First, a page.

title = "Effect of APOE ε4 allele on survival and fertility in an adverse environment",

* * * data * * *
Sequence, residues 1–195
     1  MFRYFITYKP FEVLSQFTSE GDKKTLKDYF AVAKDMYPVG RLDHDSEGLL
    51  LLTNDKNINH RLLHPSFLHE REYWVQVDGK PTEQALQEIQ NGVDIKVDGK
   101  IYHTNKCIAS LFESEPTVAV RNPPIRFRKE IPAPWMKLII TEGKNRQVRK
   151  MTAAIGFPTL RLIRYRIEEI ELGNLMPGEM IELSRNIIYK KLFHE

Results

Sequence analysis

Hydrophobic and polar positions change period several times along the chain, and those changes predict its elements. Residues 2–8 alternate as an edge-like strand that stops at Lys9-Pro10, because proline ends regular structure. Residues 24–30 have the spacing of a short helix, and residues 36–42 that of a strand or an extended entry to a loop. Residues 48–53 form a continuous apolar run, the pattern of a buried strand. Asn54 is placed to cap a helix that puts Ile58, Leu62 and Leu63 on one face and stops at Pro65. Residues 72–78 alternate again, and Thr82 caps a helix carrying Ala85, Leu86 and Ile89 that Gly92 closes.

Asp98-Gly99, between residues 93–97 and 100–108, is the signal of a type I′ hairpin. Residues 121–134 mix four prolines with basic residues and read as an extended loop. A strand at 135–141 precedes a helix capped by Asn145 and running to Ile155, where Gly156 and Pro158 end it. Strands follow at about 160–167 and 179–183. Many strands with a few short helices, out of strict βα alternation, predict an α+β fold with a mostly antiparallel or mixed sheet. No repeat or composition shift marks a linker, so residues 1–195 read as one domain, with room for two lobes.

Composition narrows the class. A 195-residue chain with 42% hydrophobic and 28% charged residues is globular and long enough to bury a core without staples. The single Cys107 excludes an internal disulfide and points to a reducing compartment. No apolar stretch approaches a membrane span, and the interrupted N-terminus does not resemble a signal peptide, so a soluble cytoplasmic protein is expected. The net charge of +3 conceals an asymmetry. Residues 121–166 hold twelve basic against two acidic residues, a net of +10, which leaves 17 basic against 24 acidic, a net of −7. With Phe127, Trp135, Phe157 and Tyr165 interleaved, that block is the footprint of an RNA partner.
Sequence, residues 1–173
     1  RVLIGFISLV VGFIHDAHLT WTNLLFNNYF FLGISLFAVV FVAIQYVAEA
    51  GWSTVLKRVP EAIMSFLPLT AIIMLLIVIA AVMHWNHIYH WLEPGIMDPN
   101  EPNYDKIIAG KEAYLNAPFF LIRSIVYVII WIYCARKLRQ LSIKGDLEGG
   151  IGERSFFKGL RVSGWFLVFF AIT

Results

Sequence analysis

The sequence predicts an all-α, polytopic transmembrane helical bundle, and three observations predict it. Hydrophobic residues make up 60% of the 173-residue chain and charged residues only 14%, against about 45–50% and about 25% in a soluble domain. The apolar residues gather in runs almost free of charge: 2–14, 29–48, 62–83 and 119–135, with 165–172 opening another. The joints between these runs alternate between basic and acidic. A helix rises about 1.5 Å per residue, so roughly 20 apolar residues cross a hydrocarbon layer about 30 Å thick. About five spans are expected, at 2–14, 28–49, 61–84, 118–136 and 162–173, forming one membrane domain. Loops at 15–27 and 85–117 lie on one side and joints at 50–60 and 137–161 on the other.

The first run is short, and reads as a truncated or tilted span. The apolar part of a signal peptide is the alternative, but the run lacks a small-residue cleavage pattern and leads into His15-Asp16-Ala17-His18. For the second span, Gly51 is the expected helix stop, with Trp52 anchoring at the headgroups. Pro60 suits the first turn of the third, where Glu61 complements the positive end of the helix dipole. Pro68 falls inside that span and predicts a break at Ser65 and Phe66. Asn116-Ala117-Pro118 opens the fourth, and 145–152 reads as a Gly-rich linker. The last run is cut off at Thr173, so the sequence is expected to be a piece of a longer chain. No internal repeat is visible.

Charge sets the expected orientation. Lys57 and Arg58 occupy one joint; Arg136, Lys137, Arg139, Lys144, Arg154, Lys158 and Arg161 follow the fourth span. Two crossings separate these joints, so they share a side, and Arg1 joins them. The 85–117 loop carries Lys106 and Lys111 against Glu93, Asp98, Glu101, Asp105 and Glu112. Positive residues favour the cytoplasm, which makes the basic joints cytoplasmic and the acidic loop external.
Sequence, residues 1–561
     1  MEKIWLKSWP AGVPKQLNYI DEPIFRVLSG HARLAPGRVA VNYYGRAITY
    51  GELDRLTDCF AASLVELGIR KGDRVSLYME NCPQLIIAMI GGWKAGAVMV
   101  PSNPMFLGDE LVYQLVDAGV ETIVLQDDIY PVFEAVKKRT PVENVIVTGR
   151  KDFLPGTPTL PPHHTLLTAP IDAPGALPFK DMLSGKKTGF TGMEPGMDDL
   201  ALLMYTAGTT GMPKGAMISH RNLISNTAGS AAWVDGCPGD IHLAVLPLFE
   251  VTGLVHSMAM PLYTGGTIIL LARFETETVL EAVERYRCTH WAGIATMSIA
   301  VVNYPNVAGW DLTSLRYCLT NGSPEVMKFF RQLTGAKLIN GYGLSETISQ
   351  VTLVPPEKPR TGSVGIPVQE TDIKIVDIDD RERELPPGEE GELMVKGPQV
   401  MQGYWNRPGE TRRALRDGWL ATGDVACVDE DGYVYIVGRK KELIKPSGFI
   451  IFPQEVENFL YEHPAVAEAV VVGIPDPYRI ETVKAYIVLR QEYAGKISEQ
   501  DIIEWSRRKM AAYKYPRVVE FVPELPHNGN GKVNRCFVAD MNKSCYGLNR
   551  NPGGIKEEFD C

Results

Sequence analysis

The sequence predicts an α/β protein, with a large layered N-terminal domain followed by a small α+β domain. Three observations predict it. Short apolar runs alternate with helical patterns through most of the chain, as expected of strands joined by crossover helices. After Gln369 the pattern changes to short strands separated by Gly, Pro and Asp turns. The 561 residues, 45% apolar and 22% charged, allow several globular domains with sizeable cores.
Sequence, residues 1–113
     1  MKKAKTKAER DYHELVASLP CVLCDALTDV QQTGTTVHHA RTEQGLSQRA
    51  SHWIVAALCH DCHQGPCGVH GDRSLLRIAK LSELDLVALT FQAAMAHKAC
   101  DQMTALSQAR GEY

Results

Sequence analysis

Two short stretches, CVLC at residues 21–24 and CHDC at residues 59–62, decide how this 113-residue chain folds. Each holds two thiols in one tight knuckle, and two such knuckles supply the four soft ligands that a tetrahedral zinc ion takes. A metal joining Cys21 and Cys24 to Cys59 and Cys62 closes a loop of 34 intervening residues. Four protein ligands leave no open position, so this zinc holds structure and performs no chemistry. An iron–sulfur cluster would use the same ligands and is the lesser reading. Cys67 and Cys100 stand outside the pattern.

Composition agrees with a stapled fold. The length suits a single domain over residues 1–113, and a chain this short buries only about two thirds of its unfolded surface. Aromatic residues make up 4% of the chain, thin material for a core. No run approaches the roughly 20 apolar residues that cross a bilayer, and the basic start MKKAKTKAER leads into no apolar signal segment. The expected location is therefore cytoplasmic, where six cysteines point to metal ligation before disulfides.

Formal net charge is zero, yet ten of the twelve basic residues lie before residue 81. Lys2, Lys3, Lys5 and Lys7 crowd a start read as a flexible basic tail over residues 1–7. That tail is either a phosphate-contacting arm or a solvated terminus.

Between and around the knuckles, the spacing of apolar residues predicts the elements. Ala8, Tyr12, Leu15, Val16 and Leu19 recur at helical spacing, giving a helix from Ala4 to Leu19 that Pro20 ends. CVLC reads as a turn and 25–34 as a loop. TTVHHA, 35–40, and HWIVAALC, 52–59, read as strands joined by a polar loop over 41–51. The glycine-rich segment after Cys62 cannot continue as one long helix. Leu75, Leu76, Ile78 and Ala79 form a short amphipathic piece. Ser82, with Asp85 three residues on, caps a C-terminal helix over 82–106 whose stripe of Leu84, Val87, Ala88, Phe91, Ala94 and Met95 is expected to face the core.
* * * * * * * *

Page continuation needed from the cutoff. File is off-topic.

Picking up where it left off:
abstract = "BACKGROUND: The apolipoprotein-ε4 allele (APOE-ε4) is strongly associated with detrimental outcomes in affluent populations including atherosclerotic disease, Alzheimer's disease, and reduced lifespan. Despite these detrimental outcomes, population frequencies of APOE-ε4 are high. We hypothesize that the high frequency of APOE-ε4 was maintained because of beneficial effects during evolution when infectious pathogens were more prevalent and a major cause of mortality. We examined a rural Ghanaian population with a high pathogen exposure for selective advantages of APOE-ε4, to survival and or fertility.METHODS AND FINDINGS: This rural Ghanaian population (n = 4311) has high levels of mortality from widespread infectious diseases which are the main cause of death. We examined whether APOE-ε4 was associated with survival (total follow-up time was 30,262 years) and fertility after stratifying by exposure to high or low pathogen levels. Households drawing water from open wells and rivers were classified as exposed to high pathogen levels while low pathogen exposure was classified as those drawing water from borehole wells. We found a non-significant, but positive survival benefit, i.e. the hazard ratio per APOE-ε4 allele was 0.80 (95{\%} confidence interval: 0.69 to 1.05), adjusted for sex, tribe, and socioeconomic status. Among women aged 40 years and older (n = 842), APOE-ε4 was not associated with the lifetime number of children. However, APOE-ε4 was associated with higher fertility in women exposed to high pathogen levels. Compared with women not carrying an APOE-ε4 allele, those carrying one APOE-ε4 allele had on average one more child and those carrying two APOE-ε4 alleles had 3.5 more children (p = 0.018).CONCLUSIONS: Contrary to affluent modern-day populations, APOE-ε4 did not carry a survival disadvantage in this rural Ghanaian population. Moreover, APOE-ε4 promotes fertility in highly infectious environments. Our findings suggest that APOE-ε4 may be considered as evolutionarily adaptive. Its adverse associations in affluent modern populations with later onset diseases of aging further characterize APOE-ε4 as an example of antagonistic pleiotropy.",